SAFE Banking Act would negate many cannabis safety risks

July 23, 2019

Allowing legal cannabis-based businesses access to financial services is a public safety issue, noted Rachel Pross, representing the CUNA/League system before the Senate Banking Committee Tuesday. Pross, Chief Risk Officer at Maps CU, Salem, Ore., testified in support of legislation that would protect financial institutions that serve cannabis businesses in places where it is legal.  

Oregon voted to legalize recreation cannabis in 2014 (and medical cannabis in 1998), and Maps subsequently conducted “extensive research and risk analysis” before voting to serve cannabis businesses.

Pross said Maps made this decision to: serve the underserved; and to enhance the safety of the community by getting large amounts of cash off the streets.

“Without a federal law providing explicit legal clearance for financial institutions to provide banking services to cannabis businesses, it’s quite likely that many of those businesses will be forced to operate in the underground economy and many mainstream businesses would end up with no access to the financial services sector,” Pross said. “That increases the potential of lost tax revenue and crime. It also deprives law enforcement of vital information. Cannabis banking can be done safely and effectively, and Maps Credit Union offers communities in Oregon a safe solution.”

When asked by Senate Banking Committee Chairman Mike Crapo (R-ID) whether the 2014 guidelines by the U.S. Treasury’s Financial Crimes Enforcement Network (FinCEN) were instructive in guiding her credit union’s approach to banking legal cannabis businesses, Pross called the guidelines the ‘rulebook’ for the banking the sector.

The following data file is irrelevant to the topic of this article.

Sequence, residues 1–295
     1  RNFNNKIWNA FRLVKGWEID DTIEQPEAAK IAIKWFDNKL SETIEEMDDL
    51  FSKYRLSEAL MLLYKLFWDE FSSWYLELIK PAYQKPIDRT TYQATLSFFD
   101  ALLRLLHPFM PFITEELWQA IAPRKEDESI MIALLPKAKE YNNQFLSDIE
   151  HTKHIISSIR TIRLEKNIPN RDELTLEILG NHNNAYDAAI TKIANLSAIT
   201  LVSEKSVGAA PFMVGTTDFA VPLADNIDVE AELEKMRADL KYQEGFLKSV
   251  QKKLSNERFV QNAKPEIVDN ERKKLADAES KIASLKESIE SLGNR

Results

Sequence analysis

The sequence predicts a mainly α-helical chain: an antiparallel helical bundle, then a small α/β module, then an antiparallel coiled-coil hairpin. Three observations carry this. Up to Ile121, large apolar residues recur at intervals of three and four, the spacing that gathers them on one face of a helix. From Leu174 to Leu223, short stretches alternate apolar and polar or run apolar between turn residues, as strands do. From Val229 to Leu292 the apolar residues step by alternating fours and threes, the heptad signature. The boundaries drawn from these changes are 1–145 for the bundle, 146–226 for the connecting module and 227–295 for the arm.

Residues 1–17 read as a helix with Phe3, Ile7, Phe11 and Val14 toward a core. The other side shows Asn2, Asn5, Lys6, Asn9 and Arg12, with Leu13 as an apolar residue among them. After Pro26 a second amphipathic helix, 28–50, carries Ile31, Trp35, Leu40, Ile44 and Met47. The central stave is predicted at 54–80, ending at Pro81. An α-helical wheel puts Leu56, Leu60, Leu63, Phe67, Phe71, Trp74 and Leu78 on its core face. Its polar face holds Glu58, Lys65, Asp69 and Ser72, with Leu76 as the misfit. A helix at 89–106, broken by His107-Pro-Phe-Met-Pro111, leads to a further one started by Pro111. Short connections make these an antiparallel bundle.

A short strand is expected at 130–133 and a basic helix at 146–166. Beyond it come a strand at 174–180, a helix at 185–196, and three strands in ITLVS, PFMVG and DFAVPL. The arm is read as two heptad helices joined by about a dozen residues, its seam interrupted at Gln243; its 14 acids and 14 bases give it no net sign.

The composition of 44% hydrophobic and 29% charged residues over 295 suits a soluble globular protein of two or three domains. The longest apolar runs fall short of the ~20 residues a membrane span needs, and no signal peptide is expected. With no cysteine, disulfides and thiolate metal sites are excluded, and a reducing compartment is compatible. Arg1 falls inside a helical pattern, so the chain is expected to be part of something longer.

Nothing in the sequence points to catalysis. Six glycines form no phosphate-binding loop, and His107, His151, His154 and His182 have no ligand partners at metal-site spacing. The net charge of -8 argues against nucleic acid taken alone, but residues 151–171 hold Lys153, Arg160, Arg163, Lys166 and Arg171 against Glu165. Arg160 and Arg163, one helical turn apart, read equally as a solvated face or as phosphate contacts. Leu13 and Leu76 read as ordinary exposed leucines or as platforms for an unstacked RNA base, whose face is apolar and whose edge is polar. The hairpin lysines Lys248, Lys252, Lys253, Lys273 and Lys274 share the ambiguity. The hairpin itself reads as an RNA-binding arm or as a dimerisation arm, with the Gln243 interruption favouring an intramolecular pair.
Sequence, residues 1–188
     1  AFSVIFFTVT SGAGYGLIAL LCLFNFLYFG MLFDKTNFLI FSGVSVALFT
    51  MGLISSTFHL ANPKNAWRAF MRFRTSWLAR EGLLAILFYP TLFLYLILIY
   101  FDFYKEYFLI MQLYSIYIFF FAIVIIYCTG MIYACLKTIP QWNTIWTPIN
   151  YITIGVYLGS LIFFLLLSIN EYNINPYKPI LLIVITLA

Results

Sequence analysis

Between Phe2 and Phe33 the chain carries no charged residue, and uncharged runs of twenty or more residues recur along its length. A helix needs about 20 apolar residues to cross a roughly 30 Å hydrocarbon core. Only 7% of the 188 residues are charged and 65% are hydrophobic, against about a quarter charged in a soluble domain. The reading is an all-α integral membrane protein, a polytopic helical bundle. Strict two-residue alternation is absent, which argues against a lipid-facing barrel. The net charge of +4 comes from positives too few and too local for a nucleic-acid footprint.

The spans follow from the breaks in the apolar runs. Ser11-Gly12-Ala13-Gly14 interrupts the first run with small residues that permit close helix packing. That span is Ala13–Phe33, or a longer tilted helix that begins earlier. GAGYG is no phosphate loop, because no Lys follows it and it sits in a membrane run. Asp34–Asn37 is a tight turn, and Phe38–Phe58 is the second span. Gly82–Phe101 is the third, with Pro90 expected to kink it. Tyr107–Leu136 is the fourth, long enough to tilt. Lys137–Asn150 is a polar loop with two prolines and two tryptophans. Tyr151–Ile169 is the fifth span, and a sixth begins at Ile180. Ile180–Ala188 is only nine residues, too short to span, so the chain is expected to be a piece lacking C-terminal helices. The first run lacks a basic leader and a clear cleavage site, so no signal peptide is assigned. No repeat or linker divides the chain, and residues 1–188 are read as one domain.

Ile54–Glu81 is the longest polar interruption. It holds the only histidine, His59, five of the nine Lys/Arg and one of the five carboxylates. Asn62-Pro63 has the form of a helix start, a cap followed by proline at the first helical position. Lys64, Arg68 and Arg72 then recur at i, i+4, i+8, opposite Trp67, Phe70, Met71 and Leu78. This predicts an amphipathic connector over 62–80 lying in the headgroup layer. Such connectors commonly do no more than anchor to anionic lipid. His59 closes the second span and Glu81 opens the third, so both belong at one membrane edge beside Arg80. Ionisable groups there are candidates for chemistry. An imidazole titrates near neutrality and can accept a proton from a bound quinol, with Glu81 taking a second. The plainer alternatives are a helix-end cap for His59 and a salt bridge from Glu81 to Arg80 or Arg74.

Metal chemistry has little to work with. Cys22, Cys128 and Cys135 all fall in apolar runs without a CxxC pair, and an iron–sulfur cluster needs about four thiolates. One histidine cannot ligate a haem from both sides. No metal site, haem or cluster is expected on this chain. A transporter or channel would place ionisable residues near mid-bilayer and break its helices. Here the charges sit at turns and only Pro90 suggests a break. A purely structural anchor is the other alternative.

Sen. Brian Schatz (D-HI) asked Pross to talk more about the risks within the cannabis industry. Pross responded noting that Maps Credit Union started banking the industry, money was stored in shoeboxes and back packs.  She also noted that there were unscrupulous entities that were offering vaulting services that were merely storage unites, which were also targets for crime. 

Local law enforcement has commended Maps Credit Union for their transparency in providing a continuous flow of free, highly-detailed information on cannabis-related monetary activity in Oregon. 

Maps serves approximately 500 Oregon-sanctioned cannabis business, and Pross estimated they’ve taken $169 million in cash deposits so far in 2019.

“We are on track to remove over 860 million dollars in cash from the sidewalks of Oregon’s communities in just three years’ time,” she said. “That’s millions of dollars that used to be carried around in duffel bags by legal business owners in our state, creating public safety concerns for the communities we live and work in.”

Pross says part of Maps CUs compliance efforts include collecting extensive corporate and financial records, conduct criminal background checks on all account signers, invested in the robust infrastructure required to monitor and maintain the accounts and submit its Bank Secrecy Act/Anti-Money Laundering compliance programs to regulators and independent auditors.

When asked by Sen. Catherine Cortez Masto (D-N.V.) about the risks of having an unbanked industry other than robbery or theft, Pross noted that as Chief Risk Officer her job is to watch out for money laundering and illegal activity from drug cartels. 

Maps also files quarterly Suspicious Activity Reports, and Pross said Maps has filed 3,489 SARs since January 2017, 91.5% of which are directly related to cannabis businesses.